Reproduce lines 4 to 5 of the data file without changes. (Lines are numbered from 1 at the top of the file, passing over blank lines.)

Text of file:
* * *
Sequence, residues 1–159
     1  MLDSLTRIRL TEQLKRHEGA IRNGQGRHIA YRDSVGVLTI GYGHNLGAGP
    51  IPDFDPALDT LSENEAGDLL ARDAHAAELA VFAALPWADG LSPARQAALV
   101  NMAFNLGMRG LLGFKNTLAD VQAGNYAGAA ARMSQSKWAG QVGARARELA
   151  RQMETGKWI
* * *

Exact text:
   101  NMAFNLGMRG LLGFKNTLAD VQAGNYAGAA ARMSQSKWAG QVGARARELA
   151  RQMETGKWI